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Guinier's Audience Grows After Dumping by Clinton : Civil rights: Professor has an agent, her articles will be published as a book. She is a big draw in L.A. visit.


Eight months after she was unceremoniously abandoned by President Clinton, who had nominated her to head the Justice Department's civil rights division, law professor Lani Guinier has gained an audience for her unwavering views on race relations that is broader than she ever could have imagined.

Guinier spent the weekend in Los Angeles being honored as "a champion of justice" by a gathering of 550 mostly African American lawyers and their spouses at a formal dinner and lauded at the First African Methodist Episcopal Church. Today she will speak at USC.

Guinier is in such demand as a speaker that she has had to hire an agent. Soon, a collection of her once-obscure law review articles on voting rights will be published in a book. She has attained perhaps the ultimate sign of celebrityhood--taxi drivers recognize her. And among those applauding her remarks at Saturday night's gathering of lawyers was Fritz Schombee, South Africa's consul general in Los Angeles, who is white.

It's quite a distance from a year ago when Guinier, although well known in civil rights circles, was teaching in relative anonymity at the University of Pennsylvania Law School.

"If she had been confirmed, she wouldn't have as much influence as she does now. Thank you, Mr. President," said Reginald A. Holmes, president of the John M. Langston Bar Assn., which sponsored her trip here.

Guinier agrees.

"I really don't think of myself as a celebrity," she said. "I didn't break Hank Aaron's home run record. I don't consider celebrityhood a reward. I see it as an opportunity, that comes with many burdens, to reach out to many people who are hungry for a real dialogue about race relations. . . . Because of the very public way in which my conscience or my principles were 'revealed' to the country, there may be more people who are curious or intrigued than there were before."

During her stormy and abortive nomination battle, Guinier was bashed as a "quota queen" who urged preferences for racial minorities. In her law review articles, she advocated a variety of proposals designed to enhance the power of black voters and black lawmakers, who she said were still being denied rights granted to them under the landmark Voting Rights Act of 1965 and amendments to it.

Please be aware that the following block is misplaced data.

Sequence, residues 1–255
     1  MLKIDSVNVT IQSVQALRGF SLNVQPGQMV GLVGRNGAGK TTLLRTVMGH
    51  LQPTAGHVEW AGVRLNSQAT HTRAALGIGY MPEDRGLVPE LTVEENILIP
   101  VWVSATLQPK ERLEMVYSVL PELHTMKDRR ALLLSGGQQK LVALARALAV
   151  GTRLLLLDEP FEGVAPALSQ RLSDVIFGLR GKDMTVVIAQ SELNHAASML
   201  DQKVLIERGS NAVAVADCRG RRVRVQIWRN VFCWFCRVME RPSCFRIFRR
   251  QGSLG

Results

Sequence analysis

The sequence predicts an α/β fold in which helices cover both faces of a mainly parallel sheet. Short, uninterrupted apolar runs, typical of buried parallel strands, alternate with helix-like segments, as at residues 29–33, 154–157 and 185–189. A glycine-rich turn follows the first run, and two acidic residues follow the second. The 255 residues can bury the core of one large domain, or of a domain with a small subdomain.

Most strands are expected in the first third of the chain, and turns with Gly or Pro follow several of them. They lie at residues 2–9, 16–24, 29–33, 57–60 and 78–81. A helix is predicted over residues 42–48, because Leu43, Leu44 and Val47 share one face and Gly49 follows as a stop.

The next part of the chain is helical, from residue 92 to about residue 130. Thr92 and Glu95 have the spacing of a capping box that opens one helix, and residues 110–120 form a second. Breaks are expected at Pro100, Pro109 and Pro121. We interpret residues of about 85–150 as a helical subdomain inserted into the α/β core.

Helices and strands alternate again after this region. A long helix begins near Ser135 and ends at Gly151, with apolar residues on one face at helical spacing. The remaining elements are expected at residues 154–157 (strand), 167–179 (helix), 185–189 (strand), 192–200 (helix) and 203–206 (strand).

In her speech and in an interview with The Times, Guinier said Americans are in "a state of denial about race."

"In a strange way, my nomination came to symbolize the state of denial we find ourselves in about civil rights in particular and race in general," Guinier told the Langston dinner Saturday night. "Americans support the advancement of individual black achievers . . . but when it comes to discussing race, our policy comes close to the one on gays in the military: Don't ask, don't tell, don't pursue."

Americans of all shades fall prey to stereotyping, said Guinier, the daughter of a black father and a Jewish mother. "Relations are largely characterized by serious misunderstandings and a massive failure to communicate," she said.

"Some of the discomfort reflects the polarization of the last 12 years, in which national civil rights policy emphasized reverse discrimination, fed white fears of racial preferences and discussed discrimination exclusively in terms of innocent victims and guilty perpetrators rather than as an institutional or structural phenomenon in which we all participate," Guinier said.

"When civil rights is reduced to the idea of blameworthy individuals, it is not surprising that many resist its message. No one wants to be called names."

As for Clinton, her longtime friend and former classmate at Yale Law School, Guinier said she has not heard from him since he withdrew her nomination last June, before she had an opportunity to explain her views at a Senate hearing.

Guinier said she hoped that some of the issues she wanted to discuss in her Senate hearing would be aired at the forthcoming confirmation hearing of Boston attorney Deval Patrick, who was nominated last week by Clinton for the Justice Department job she had hoped to hold.

"He's very talented; he's very committed; he's a very good lawyer," Guinier said of Patrick, one of her former colleagues at the NAACP Legal Defense and Educational Fund. "My only concern is that he can't do what needs to be done alone," and thus far Clinton has not made civil rights enforcement a priority of his Administration, Guinier said.

"Attorney General Janet Reno has made some very good speeches and has announced a couple of good cases, but given the need in this country for more aggressive civil rights enforcement and the opportunity for this Administration to live up to its campaign rhetoric, there really is a vacuum."

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